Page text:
Authorial Acting 3

Display Schedule

Code Completion Credits Range Language Instruction Semester
202EHO3 credit 3 4 hours (45 min) of instruction per week, 39 to 54 hours of self-study English winter

Subject guarantor

Name of lecturer(s)



The course introduces students to group practice in orignal theatre through a creative class/creative workshop in which the students join in as actors, creators, directors of parts and learn the basic principles of directing composition and dramaturgy. The aim of the basic two-semester course is to introduce students to method of collaborative work so, eventually, they can practice and execute their own original projects.

This course continues the Acting Propedeutics Based on Dialog course and adds challenges of group creation of a group original piece under the guidance of the course instructor. A requirement is an ability in group dramaturgy, original and acting joining in to preparations from class to class. In classwork emphasis is on perception of one's partner, teamwork and personal/original investment. An ability for original writing and dramaturgy consideration. Students, as well, encounter the literary basis (drama, epic), work with various literary and speaking genres, and under the guidance of the instructor develop it to a poly-phonic form of a stage collage. The course guides students to an understanding of the composition principles of collaborative theatre and prepares students for their later independent development.

The course has two main phases:

  1. material collection,
  2. creating and searching for a whole.

At the close of the semester project there is greater requirement for engagement and a greater number of rehearsals, in principle, on the weekends.

During the semester, independent reading, ongoin preparations for partial assignments, and independent rehearsal of developed situation are expected. Collaboration ability, initiative, creative manner of developing one's creative impulses and that of the others is graded. Emphais is placed on real individual understanding and adoption of the subject matter.


  1. Dramaturgy preparations
  2. analysis of personal and personality topics and their development.
  3. active analysis of the situation
  4. composition and preparation for the summary performance.

Learning outcomes

Students demonstrate:

A) Study skills:

  1. research topic fields and select a supportable topic,
  2. in collaboration with the instructor and others finde an adequate for of stage treatment for the situation and its theme,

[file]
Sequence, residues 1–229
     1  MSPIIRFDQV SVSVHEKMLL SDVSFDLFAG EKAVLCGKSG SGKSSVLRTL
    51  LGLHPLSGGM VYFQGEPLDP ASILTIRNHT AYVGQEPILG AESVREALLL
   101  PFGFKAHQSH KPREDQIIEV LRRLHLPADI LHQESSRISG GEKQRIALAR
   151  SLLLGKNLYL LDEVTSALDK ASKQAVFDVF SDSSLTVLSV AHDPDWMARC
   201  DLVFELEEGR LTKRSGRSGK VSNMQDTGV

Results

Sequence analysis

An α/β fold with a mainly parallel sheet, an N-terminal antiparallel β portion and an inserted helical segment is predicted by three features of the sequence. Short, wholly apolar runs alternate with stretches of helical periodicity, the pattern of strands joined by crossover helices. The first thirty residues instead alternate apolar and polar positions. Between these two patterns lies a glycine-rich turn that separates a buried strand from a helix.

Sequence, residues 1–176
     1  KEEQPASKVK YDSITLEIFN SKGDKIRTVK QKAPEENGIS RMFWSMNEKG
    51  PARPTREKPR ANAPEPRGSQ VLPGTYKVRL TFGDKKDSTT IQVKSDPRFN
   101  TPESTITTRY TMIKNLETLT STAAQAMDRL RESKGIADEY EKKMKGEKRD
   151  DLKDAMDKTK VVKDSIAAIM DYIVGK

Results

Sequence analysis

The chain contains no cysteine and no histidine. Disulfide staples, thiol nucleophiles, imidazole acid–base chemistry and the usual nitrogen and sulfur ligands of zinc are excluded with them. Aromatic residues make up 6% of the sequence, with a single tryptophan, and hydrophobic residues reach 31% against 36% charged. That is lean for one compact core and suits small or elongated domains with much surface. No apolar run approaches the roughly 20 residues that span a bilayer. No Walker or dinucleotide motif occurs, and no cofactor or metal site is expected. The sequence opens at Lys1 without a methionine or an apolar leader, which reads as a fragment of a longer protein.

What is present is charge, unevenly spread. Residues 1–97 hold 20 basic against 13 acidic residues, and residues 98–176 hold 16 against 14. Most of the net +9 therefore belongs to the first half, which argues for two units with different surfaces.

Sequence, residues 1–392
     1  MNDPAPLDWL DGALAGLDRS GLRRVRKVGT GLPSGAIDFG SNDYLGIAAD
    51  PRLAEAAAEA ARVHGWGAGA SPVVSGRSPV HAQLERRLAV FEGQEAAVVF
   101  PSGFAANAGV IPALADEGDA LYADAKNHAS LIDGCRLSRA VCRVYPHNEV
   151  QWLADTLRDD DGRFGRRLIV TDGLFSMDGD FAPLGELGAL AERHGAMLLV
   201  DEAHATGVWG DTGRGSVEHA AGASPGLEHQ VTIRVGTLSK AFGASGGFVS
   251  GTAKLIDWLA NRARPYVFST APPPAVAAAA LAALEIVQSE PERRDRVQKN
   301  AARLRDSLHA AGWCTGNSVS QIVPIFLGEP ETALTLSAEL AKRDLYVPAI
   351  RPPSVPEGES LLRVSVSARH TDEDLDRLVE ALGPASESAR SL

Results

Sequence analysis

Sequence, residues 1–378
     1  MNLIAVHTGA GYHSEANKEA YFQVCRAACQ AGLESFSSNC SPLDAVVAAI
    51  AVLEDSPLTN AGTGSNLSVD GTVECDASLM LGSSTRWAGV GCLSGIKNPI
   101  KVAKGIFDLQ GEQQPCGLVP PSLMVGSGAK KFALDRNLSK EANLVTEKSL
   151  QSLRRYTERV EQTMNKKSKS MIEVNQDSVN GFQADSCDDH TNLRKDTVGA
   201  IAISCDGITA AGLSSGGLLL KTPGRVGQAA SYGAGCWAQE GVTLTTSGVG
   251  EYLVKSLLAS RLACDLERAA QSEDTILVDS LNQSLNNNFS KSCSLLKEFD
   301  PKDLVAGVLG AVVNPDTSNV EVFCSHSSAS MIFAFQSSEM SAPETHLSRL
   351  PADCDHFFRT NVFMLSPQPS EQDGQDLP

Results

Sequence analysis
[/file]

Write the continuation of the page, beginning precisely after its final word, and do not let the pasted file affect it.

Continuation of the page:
3. forms the theme with acting tools (gestures) with the use of personal topical posture, characterization, working with a genre and stylization,
  4. applies theatre composition principles: in collaboration with the instructor and others demonstrates how to structure a whole.

B) Study knowledge:

  1. explain the principle of original comprehension of the theme,
  2. define the difference between acting experience of a figure and acting theme/individual acting,
  3. explain composition of stage components and floorplan of the emerging work.

C) General capabilities

  1. be a valued member of a creative team (collaboration, including appying original contributions and respect to the employment of the other team members),
  2. set one's artistic idea and convince the others,
  3. know to patiently search for the most appropriate expression tools up to the end of the rehearsal process itself,
  4. know to moderately employ power an invest energy in decisive moments.

Prerequisites and other requirements


  1. general knowledge of the principles of original creations,
  2. two-semester experience in dialog behaviour,
  3. two-semester experience in other psycho-somatic disciplines: Recitation, speech, voice creation and stage movement,
  4. two-semester experience in the Acting Propedeutics Based on Dialog course.


  1. creativity,
  2. study of dialog,
  3. study of speech, respectively recitation,
  4. study of stage movement.


Alfreds, Mike. Different Every Night: Freeing the Actor. London: Nick Hern Books, 2007.

Barba, Eugenio, and Savarese, Nicola. A Dictionary of Theatre Anthropology. London and New York: Routledge, 2005.

Barnett, David. Brecht in Practice: Theatre, Theory and Performance. London: Bloomsbury, 2015.

Silberman, M., Giles, S., Kuhn, T. eds. Brecht on Theatre. London: Bloomsbury, 2014.

Brook, Peter. Empty Space: A Book About the Theatre: Deadly, Holy, Rough, Immediate. New York: Scribner Macmillan, 1995.

Brook, Peter. There are No Secrets: Thoughts on Acting and Theatre. London: Bloomsbury, 2015.

Chekhov, Michael. To the Actor: On the Technique of Acting. London: Martino Fine Book, 2014.

Donnellan, Declan. The Actor and the Target. London: Nick Hern Books, 2005.

Johnstone, Keith. Impro: Improvisation and the theatre. London: Routledge, 1987.

Meisner, Sanford, Longwell, Dennis, et al. Sanford Meisner on Acting. New York: Vintage, 1987.

Merlin, Bella. The Complete Stanislavsky Toolkit. London: Nick Hern Books, 2014.

Stanislavsky, Constantin. An Actor Prepares. New York: Routledge, 1989.

Evaluation methods and criteria

During the semester independent reading, preparation of component assignments, independent rehearsing of developed situations are required.

Overall grading is comprised of 50% for participation in exercises, 30% for original input and 20% for the artistic quality of the performance at the summary performance.


For 3rd year students.

Further information

Course may be repeated

Schedule for winter semester 2023/2024:

The schedule has not yet been prepared

Schedule for summer semester 2023/2024:

The schedule has not yet been prepared

The subject is a part of the following study plans